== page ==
DENVER – Wild coach Dean Evason's message to his team Thursday night after a 5-1 debacle at Colorado made it clear that what had just taken place had to be a one-off.
"You have to have a short-term memory after a game like that," said goaltender Cam Talbot, who made a career-high 50 saves on an eye-popping 55 shots.
But before the players got a chance to redeem themselves in the rematch Saturday afternoon at Ball Arena, they had to relive the rout during a video session Friday evening.
"We can put it to bed, but yet we can learn from what happened," Evason said. "They played extremely well. We played extremely poorly, and the best thing is we can get right back at it."
As forgettable as the performance was from the Wild's perspective, the team couldn't completely dismiss it, not when the action was littered with breakdowns that require attention.
That was featured in the presentation players watched Friday, with most of the issues concentrated in the Wild's zone, where the team struggled to alleviate the Avalanche's pressure because players kept turning pucks over.
"They possess the puck better than anybody in the National Hockey League in the offensive zone, and we allowed that to happen by not getting it the heck out of there," Evason said.
Colorado's top line, in particular, made the Wild pay for those miscues. Gabriel Landeskog, Nathan MacKinnon and Mikko Rantanen racked up 10 points, including four goals, and had 15 total shots.
"Great chemistry as a line, great players individually and they do special things," said defenseman Ian Cole, who was with the Avalanche before the Wild acquired him in a trade earlier this season. "Like Mikko's goal in the third period. [He] knocks it out of the air into space to himself, backhand short-side elbow. It's a great play. That being said, it is defendable."
By that point, the Wild was playing shorthanded since defenseman Matt Dumba left in the second period after crashing feet-first into the boards. Dumba had to be helped off the ice and wasn't putting weight on his right leg.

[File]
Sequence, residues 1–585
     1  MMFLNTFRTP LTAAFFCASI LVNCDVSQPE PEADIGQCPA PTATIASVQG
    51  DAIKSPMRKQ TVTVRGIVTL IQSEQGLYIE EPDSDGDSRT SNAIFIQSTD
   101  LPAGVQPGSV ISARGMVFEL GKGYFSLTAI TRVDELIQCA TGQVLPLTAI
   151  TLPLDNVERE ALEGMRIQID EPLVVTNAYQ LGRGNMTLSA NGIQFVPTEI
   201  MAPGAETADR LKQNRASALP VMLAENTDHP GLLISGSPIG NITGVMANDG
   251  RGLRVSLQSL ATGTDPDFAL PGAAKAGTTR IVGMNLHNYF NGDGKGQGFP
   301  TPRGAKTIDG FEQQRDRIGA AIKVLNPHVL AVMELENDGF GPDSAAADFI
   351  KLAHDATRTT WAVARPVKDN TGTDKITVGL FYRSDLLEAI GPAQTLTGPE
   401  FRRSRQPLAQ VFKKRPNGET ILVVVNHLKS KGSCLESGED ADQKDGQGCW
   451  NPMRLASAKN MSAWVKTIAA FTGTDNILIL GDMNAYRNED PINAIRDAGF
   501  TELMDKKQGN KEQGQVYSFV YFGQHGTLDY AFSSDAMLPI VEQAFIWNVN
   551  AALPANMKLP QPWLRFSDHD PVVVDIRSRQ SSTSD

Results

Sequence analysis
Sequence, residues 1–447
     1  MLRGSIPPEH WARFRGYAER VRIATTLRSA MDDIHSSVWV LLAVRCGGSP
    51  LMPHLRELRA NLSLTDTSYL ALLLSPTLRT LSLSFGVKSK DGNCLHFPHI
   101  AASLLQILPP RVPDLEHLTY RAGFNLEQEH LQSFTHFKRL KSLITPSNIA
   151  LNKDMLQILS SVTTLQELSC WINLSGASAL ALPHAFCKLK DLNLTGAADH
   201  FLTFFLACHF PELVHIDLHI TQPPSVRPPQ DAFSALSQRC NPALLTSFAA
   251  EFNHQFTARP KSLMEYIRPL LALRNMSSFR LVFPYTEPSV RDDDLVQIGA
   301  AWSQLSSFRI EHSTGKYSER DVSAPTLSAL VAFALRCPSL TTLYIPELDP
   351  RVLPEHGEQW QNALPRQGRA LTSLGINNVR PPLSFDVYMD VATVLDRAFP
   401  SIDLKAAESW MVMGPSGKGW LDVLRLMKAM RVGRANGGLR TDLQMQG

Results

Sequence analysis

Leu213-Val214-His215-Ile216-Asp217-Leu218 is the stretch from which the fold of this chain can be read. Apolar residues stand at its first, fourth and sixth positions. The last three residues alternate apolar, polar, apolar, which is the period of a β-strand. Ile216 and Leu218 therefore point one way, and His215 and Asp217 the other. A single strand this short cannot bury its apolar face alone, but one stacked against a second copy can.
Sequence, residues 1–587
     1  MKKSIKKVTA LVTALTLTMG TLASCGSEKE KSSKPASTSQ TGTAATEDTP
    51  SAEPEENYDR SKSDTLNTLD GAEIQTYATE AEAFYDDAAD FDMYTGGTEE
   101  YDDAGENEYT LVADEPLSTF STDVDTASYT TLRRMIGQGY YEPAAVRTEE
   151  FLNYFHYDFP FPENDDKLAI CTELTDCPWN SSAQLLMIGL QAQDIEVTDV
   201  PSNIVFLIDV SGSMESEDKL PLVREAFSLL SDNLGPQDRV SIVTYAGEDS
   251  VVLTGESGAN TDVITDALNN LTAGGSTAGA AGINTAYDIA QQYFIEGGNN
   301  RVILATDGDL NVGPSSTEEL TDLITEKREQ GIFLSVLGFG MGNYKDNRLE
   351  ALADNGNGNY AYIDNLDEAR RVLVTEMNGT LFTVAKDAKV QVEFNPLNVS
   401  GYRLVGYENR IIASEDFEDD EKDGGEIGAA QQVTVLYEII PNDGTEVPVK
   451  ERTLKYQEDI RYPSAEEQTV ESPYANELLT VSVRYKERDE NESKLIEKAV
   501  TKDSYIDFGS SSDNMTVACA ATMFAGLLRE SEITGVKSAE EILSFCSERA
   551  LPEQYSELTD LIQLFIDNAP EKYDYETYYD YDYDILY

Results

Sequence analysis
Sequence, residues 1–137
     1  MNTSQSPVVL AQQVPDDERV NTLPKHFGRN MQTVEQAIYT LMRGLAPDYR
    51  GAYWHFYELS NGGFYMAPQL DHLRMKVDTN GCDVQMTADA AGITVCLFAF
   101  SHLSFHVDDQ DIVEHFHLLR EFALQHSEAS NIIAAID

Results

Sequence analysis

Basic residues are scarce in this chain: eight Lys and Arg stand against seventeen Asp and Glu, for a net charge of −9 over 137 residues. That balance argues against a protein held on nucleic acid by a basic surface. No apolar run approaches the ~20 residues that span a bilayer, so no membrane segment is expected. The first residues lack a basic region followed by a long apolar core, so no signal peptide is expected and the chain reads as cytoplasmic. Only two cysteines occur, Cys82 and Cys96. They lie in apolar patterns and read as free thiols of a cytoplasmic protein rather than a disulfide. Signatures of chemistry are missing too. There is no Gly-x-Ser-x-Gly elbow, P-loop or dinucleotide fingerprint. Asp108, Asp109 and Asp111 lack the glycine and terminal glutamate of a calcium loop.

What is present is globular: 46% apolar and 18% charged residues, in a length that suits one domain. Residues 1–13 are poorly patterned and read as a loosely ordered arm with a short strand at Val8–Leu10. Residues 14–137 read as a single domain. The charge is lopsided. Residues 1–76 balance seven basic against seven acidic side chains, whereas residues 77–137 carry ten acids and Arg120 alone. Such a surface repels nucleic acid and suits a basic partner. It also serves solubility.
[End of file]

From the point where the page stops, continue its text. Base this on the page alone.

Evason said Dumba is dealing with a lower-body injury and called Dumba doubtful to play Saturday. If he's unavailable, the Wild plans to keep Brad Hunt in the lineup and add Carson Soucy, who's eligible to return after serving a one-game charging suspension on Thursday. Goalie Kaapo Kahkonen, who's on a nine-game win streak, will get the start.
"It's better than it looked," Evason said of Dumba's injury.
But the Wild's defensive presence wasn't the only problem.
At the other end, the team's forecheck fizzled — making extended zone time almost impossible — and the Wild put just 20 shots on net, which tied its lowest output for a game this season.
Better defending should help the team's offense, since cleaner exits and smoother transitions through the neutral zone can set the Wild up to attack with poise and numbers.
What could also make a difference, however, has nothing to do with X's and O's and technical structure.
The Wild didn't have its usual spunk and was out-hustled to pucks, a departure from the attentiveness that's led to so much of this season's success.
Rediscovering that mentality might be most important in determining whether the outcome Thursday really is a one-time occurrence.
"You're not going to get the results every night, but every single night we have to have the same result as far as how we play the game and how we want to approach it to start and then how we start the game and how we have to have that energy level in order to do what we do as a hockey club," Evason said.
"We did not do that here [Thursday], but we have absolutely complete faith that the group will rebound and do what needs to be done."